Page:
Relapse: Signs to Watch Out For

in Addiction
Olivia Pennelle
Published Dec 1, 2020
relapse

Relapse can be a feature of recovery, especially during stressful times like the holidays. While the goal of most people’s recovery is relapse prevention, sometimes relapse happens. What’s important is how we support loved ones with relapse and help them back to get back on the road to recovery.

What is a relapse?

Relapse simply means returning to use, whether that is one drink or a prolonged episode of drug use. And it is not an uncommon feature of addiction.

According to the National Institute on Drug Abuse (NIDA) 40 to 60 percent of people with substance use disorder will relapse at some point. The rate of relapse depends on the type of drug, too. For example, the rate increases to 80 percent for those with opioid addiction.

The chronic nature of addiction sometimes means that for some people in recovery a return to use is part of the process. NIDA state that relapse rates for substance use disorder are similar to other chronic illnesses — if a person stops their medical treatment plan it is likely they’ll relapse.

Signs of relapse

Gallus Clinical director, Steve Carleton, LCSW, explains more about the cause of relapse.

Return to use is most often a slow drift back into high risk situations. Change is such a difficult process and over time there is a natural move back towards old thoughts, feelings, and behaviors. There are certainly times when unforeseen triggers arise and despite best efforts the pressure to use is overwhelming, however, these are more rare. In short the main causes a person returning to use are triggers.

He continues, “If I were to pick the two most common causes of returning to use, ambivalence and not being prepared for a trigger.”

While addiction treatment is designed to help people become aware of the people, places, things, experiences, and internal cues that lead to thoughts about using, it isn’t always possible because it’s hard to overcome years of conditioning.

Humans spend the majority of our lives on auto-pilot. Overcoming years of auto-pilot that results in use requires a tremendous amount of awareness. Identifying and anticipating triggers is the work of recovery. If addiction is a Ferrari with really crappy breaks speeding out of control, Recovery is like a mail truck driving on the opposite side and making frequent stops. Slowing down the process is essential to success,” explains Carleton.

Some common symptoms of relapse might include:

  • Hidden empty bottles or drug paraphernalia
  • Smelling alcohol on their breath
  • Spending lots of time in the bathroom or leaving the house frequently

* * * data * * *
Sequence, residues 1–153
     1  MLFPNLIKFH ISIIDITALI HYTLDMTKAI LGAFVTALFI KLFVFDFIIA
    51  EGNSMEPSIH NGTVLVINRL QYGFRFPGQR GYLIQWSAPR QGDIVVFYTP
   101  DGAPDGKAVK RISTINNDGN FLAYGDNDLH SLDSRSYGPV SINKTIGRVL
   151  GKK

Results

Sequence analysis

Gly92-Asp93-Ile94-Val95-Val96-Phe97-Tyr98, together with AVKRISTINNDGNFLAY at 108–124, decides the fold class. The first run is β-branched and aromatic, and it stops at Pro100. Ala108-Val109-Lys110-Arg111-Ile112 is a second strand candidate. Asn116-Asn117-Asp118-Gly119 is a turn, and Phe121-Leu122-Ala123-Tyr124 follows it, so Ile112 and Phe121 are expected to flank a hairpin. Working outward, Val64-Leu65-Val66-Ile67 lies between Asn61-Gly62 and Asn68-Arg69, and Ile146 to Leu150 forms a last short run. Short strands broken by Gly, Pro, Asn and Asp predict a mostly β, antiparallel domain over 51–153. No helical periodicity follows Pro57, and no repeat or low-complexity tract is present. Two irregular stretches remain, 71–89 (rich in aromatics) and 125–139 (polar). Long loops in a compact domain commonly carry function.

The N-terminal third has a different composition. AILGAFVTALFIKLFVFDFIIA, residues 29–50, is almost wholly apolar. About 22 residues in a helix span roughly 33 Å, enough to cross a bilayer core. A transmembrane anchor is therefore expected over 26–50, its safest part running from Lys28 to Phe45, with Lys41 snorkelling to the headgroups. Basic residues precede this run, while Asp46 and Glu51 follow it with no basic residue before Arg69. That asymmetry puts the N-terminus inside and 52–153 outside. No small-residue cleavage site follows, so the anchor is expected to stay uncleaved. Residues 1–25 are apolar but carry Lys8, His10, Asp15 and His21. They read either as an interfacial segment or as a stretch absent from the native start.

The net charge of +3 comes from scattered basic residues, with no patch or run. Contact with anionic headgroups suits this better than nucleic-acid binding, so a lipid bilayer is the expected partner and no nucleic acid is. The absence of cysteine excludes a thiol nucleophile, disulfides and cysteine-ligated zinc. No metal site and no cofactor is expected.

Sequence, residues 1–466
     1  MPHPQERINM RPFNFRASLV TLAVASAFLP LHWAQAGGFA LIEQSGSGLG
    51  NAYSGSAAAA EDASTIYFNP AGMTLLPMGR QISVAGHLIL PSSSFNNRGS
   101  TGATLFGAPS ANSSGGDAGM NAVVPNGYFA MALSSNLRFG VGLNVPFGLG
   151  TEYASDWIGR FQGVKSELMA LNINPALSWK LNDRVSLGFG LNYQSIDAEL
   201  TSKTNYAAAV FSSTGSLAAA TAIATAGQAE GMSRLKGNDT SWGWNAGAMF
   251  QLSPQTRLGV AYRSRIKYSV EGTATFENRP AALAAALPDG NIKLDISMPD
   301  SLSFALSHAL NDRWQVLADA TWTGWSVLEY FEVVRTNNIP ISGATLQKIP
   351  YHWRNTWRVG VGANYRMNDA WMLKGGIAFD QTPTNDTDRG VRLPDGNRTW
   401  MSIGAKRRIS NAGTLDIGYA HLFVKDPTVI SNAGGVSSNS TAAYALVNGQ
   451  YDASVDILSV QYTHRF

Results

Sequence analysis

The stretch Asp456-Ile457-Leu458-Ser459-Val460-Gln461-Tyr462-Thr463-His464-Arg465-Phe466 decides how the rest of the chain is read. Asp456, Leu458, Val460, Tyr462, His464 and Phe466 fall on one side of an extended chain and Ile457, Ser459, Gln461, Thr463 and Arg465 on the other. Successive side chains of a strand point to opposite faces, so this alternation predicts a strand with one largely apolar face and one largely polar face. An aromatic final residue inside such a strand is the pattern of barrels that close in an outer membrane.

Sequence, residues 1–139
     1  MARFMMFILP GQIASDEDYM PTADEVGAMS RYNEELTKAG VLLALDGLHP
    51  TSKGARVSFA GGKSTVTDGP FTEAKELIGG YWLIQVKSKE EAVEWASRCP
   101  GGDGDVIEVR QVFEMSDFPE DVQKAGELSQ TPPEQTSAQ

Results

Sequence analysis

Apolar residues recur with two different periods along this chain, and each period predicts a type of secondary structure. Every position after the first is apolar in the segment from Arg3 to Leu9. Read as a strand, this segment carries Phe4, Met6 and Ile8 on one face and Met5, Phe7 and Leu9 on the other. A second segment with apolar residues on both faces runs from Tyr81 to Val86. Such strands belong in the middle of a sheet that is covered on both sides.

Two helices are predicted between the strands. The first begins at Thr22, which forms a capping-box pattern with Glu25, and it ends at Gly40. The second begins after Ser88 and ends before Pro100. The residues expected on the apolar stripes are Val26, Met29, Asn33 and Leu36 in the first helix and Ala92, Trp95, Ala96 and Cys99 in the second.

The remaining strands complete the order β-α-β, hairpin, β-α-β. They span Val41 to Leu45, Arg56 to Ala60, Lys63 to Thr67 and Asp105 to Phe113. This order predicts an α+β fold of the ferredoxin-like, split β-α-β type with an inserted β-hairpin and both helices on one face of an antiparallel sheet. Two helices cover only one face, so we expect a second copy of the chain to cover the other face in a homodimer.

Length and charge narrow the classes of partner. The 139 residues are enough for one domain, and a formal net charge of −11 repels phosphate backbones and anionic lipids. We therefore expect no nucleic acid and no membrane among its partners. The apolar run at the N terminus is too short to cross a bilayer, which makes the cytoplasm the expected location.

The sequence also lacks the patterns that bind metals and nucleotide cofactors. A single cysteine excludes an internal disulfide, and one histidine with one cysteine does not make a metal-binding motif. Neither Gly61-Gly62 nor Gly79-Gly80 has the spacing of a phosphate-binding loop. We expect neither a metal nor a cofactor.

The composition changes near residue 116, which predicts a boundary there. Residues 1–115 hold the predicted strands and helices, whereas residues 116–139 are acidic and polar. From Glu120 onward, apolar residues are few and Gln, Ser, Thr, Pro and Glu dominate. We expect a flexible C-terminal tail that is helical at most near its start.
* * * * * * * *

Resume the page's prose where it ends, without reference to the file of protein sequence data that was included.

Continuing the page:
• Impulsiveness
  • If the person attends meetings, they may stop going
  • Changes in mood: irritability, highs and lows, anxiety, and intolerance
  • Isolation and withdrawal from social situations
  • Changes to sleeping and eating patterns
  • Defensiveness when asked if they have been using
  • Changes in physical appearance: loved ones may seem to lose weight, or not shower as regularly

 

What to do when a loved one relapses?

The first thing to do if you, or a loved one relapses and that is to show non-judgmental compassion. Addiction is an illness, not a moral failing (read more about that here). Loved ones need support and encouragement to get back on the road to recovery. They may already feel shame and embarrassment and would benefit from love, support, and kindness, not further criticism – they’re probably already criticizing themselves!

Support might mean cheering them on, or helping with relapse prevention techniques and strategies, like removing alcohol from the house, or being by their side for a few days.

In closing, Carleton reminds us of the effort required for long-term recovery:

It would be so great if commitment to change were static! But as we have all learned (addiction or not) our minds go back and forth. People have to have safe outlets to share when the inevitable thoughts about using arise.

If you or a loved one is struggling with opioids, please contact us to see how we can help.

At Gallus Medical Detox Centers, we bring compassion to the commotion. Peace to the pain. Empowerment to the powerless. If you or someone you know needs support with addiction problems, bring us your battle. Call us today and take the best, first step towards recovery: 720-704-1432

 

Other posts you may find helpful…

Common Triggers of Relapse

Key Strategies for Relapse Prevention

Celebrities Share Lessons Learned From Relapse